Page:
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Membrane-fusogen distance is critical for efficient coiled-coil-peptide mediated liposome fusion.

Membrane-fusogen distance is critical for efficient coiled-coil-peptide mediated liposome fusion.
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Daudey G, Zope H, Voskuhl J, Kros A, Boyle AL,


Daudey G, Zope H, Voskuhl J, Kros A, Boyle AL, (click to view)

Daudey G, Zope H, Voskuhl J, Kros A, Boyle AL,

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Langmuir : the ACS journal of surfaces and colloids 2017 10 05() doi 10.1021/acs.langmuir.7b02931
Abstract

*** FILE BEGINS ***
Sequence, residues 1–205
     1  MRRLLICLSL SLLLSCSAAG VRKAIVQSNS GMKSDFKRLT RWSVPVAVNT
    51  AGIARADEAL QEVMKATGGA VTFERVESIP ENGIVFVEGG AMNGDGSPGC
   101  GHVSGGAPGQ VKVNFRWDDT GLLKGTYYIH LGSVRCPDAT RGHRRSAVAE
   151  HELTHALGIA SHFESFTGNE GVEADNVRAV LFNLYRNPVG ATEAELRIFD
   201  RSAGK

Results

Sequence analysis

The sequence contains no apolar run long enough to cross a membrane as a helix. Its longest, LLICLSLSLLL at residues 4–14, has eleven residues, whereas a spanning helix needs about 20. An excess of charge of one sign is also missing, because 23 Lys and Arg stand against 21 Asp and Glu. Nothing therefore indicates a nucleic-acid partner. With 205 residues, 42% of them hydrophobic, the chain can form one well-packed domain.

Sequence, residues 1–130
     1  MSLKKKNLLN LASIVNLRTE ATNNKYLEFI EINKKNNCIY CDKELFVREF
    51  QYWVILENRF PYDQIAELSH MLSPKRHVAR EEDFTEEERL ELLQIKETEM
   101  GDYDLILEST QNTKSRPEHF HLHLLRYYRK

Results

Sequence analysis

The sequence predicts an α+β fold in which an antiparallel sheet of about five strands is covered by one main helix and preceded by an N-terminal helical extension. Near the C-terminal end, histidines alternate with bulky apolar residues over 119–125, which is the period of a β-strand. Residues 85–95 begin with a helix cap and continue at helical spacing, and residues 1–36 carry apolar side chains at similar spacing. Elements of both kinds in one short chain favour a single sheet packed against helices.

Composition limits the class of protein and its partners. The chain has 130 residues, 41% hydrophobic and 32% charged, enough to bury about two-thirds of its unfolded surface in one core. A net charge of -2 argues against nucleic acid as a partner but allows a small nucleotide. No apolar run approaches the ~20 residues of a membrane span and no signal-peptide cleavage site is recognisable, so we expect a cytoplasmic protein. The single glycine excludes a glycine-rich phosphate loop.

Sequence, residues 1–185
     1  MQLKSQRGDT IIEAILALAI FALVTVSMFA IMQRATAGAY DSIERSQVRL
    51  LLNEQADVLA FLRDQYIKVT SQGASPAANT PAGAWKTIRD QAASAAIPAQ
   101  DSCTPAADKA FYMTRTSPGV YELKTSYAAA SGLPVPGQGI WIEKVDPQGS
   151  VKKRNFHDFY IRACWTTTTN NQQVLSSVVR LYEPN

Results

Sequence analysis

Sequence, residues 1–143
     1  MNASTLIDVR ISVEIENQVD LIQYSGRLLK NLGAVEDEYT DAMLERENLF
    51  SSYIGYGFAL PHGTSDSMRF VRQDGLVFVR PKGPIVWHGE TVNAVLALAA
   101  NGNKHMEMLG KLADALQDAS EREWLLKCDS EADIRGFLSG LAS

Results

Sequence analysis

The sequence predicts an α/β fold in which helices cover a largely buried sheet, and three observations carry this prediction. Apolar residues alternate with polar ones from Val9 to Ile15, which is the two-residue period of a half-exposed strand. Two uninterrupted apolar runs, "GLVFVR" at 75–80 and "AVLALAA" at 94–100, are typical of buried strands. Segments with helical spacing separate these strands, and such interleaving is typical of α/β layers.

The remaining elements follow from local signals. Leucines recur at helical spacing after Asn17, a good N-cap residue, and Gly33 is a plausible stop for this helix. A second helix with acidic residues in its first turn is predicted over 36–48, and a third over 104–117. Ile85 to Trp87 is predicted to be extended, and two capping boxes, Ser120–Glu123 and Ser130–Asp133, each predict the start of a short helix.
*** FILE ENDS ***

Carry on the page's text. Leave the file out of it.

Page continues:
We have developed a model system for membrane fusion that utilizes lipidated derivatives of a hetero-dimeric coiled-coil pair dubbed E3 (EIAALEK)3 and K3 (KIAALKE)3. In this system peptides are conjugated to a lipid anchor via a polyethyleneglycol (PEG) spacer, and this contribution studies the influence of the PEG-spacer length, coupled with the type of lipid anchor, on liposome-liposome fusion. The effects of these modifications on peptide secondary structure, their interactions with liposomes, and their ability to mediate fusion were studied using a variety of different content mixing experiments and CD spectroscopy. Our results demonstrate the asymmetric role of the peptides in the fusion process, as alterations to the PEG-spacer length affects E3 and K3 differently. We conclude that negatively-charged E3 acts as a ‘handle’ for positively-charged K3 and facilitates liposome docking, the first stage of the fusion process, through coiled-coil formation. The efficacy of this E3 handle is enhanced by longer spacer lengths. K3 directs the fusion process via peptide-membrane interactions but the length of the PEG-spacer plays two competing roles: a PEG4/PEG8 spacer length is optimal for membrane destabilization, however a PEG12 spacer increases fusion efficiency over time by improving the peptide accessibility for successive fusion events. Both anchor type and spacer length affect peptide structure; a cholesterol anchor appears to enhance K3-membrane interactions and thus mediates fusion more efficiently.

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